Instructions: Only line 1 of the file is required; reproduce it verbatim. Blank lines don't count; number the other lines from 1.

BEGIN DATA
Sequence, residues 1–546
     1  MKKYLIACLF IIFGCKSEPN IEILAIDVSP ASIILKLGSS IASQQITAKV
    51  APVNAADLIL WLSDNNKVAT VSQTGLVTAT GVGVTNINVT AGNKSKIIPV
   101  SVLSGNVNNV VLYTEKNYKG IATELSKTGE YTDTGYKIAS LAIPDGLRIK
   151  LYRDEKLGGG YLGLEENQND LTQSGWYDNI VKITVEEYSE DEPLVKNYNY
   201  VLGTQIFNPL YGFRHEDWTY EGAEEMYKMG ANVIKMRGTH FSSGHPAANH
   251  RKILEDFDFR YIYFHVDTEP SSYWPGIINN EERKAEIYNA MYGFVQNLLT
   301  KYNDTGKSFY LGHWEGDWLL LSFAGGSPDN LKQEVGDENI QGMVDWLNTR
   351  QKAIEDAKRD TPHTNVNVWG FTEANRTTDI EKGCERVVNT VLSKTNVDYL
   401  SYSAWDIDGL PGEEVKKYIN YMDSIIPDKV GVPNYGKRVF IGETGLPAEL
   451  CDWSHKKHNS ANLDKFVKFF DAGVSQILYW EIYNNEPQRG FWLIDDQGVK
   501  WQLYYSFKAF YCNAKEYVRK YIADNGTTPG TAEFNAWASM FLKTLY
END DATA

Sequence, residues 1–546